We found slip-on footwear to be commonly used (62 %, n = 63). The findings of slip-on footwear contrast with previous studies reporting that slip-on shoes were worn by 24 % (n = 12) of people with gout [25] and 45 % (n = 36) of people with RA [24]. It is customary in Asian cultures to remove shoes before entering a home and this is commonly practiced in Singapore. Shoes are also taken off before entering a mosque or temple. Hand deformities or other global physical function difficulties may also account for the high incidence of slip-on footwear worn in this study, though the MHAQ found mild overall functional impairment. Traditional Indian and Malay dress styles for women, also common in Singapore, include the use of traditional ethnic slip-on shoe styles.

The majority of shoes worn by participants in this study were poorly fitting and worn for more than 12 months. The wearing of poorly fitting shoes has been linked to foot pain in people with RA [1, 10, 24] and gout [25]. We found current footwear was also objectively poor due to the lack of motion control features (fixation of the upper to the foot, heel counter stiffness and midsole stability). This finding may suggest that participants prioritize other footwear characteristics. Previous studies show that adequate motion control and cushioning are important shoe features in the management of foot problems in people with RA [10, 23, 26] and gout [27].

Although participants in this study were wearing footwear with insufficient intrinsic structure to promote optimal support and stability, they considered their retail shoes to be both comfortable and suitable for their needs. This is consistent with previous studies [24, 28] that have noted the contradiction between the footwear features considered important for this patient group and the footwear features they select.

We observed the majority of IA people had experienced problems with footwear, consistent with previous studies [7, 8, 18, 24]. Previous studies have reported limited footwear choice for people with IA-related foot problems [7, 18, 29] and that footwear difficulties can be the source of considerable distress [16].

No participant in this study was wearing therapeutic footwear. This contrasted with previous studies [7, 24], which found that 5–18 % of participants with IA had been prescribed and were wearing therapeutic footwear. Research has highlighted the benefits of prescribed footwear [8, 3032]. Two key contextual challenges are cost of healthcare and availability of specialist footwear in Singapore. The public healthcare in Singapore uses a system of compulsory savings from payroll deductions to provide healthcare subsides. Out-of-pocket payment at the point of care can vary considerably for each service and level of subsidy. Therefore, cost to the patient plays a major role in health care decisions, and is a potential barrier to uptake of podiatry services and purchasing of specialist footwear.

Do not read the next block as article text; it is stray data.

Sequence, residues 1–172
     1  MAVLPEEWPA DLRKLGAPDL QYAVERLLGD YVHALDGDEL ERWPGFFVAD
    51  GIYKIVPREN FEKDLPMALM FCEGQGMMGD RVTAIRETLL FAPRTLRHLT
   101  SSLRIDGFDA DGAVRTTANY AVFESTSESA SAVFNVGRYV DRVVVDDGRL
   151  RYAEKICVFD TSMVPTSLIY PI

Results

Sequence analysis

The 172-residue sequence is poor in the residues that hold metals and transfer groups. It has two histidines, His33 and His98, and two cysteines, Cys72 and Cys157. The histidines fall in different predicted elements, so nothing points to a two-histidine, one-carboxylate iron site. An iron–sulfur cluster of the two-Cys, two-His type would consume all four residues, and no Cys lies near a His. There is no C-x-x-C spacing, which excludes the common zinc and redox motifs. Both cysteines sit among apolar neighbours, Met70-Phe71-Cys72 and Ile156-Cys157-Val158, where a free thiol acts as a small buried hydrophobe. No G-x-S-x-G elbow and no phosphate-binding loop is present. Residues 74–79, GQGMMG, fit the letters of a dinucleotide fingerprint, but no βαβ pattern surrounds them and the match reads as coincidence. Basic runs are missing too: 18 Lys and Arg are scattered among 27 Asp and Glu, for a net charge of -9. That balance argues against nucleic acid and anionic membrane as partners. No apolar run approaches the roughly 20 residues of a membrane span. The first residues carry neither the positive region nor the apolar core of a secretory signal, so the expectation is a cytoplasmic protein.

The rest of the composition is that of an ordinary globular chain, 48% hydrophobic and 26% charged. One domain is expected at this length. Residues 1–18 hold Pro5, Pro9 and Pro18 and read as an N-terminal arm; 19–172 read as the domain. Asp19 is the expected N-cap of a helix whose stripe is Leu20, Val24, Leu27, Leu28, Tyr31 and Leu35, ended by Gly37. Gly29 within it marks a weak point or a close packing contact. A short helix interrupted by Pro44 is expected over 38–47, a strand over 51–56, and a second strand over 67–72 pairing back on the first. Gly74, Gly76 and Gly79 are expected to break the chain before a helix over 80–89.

Limitations of this study are lack of external validity as participants were recruited from one tertiary Hospital in Singapore. The convenience sample of people attending the outpatient clinic may have resulted in selection bias. The study may also suffer from recall bias affecting the self-reporting of disease duration. There was no independent assessor, which may have affected reporting of problems and perception of current footwear to the podiatrist during data collection. We did not investigate the participant’s prior use of therapeutic footwear; we assessed only the current footwear worn on the day of the study. There are known factors relating to poor use of therapeutic footwear, such as poor fit or unacceptable cosmesis [1, 16]. The dissatisfaction with the appearance of footwear and its impact on restricting choice in clothes could be a contributing factor in this study, and that open-type slip-on footwear is commonly worn in Singapore. Future work may include participant’s perceptions, views and experiences impacting on footwear selection. Religion, cultural idiosyncrasies and community identity are factors that should be considered in future studies investigating footwear preferences in Southeast-Asian populations.

Conclusion

The current findings found the use of slip-on and poorly fitting footwear to be common in people with IA in Singapore. Singapore has a climate of uniform higher temperatures and humidity, and a diverse Southeast-Asian culture of Chinese, Malay, Indian and Western influences. This mix of traditions, local customs, culture and climate may influence choice of footwear. Further research on footwear preferences in Southeast-Asian communities needs to take into account cultural habit and preference, socio-economic status, footwear options and affordability.

Declarations

Authors’ contributions

KR and KC conceived and designed the study. AS, PC and ML recruited participants. KC collected and inputted the data. KR conducted the statistical analysis. KR and KC compiled the data and drafted the manuscript with input from AS, PC and ML. All authors have read and approved the final manuscript.

Competing interests

The authors declare that they have no competing interests.

Open AccessThis article is distributed under the terms of the Creative Commons Attribution 4.0 International License (http://creativecommons.org/licenses/by/4.0/), which permits unrestricted use, distribution, and reproduction in any medium, provided you give appropriate credit to the original author(s) and the source, provide a link to the Creative Commons license, and indicate if changes were made. The Creative Commons Public Domain Dedication waiver (http://creativecommons.org/publicdomain/zero/1.0/) applies to the data made available in this article, unless otherwise stated.

Authors’ Affiliations

(1)
Podiatry Department, Rehabilitation Centre, National University Health System
(2)
Yong Loo Lin School of Medicine, National University of Singapore
(3)
Division of Rheumatology, Department of Medicine, National University Health System
(4)
Health and Rehabilitation Research Institute, Faculty of Health and Environmental Sciences, AUT University

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Copyright

© The Author(s). 2016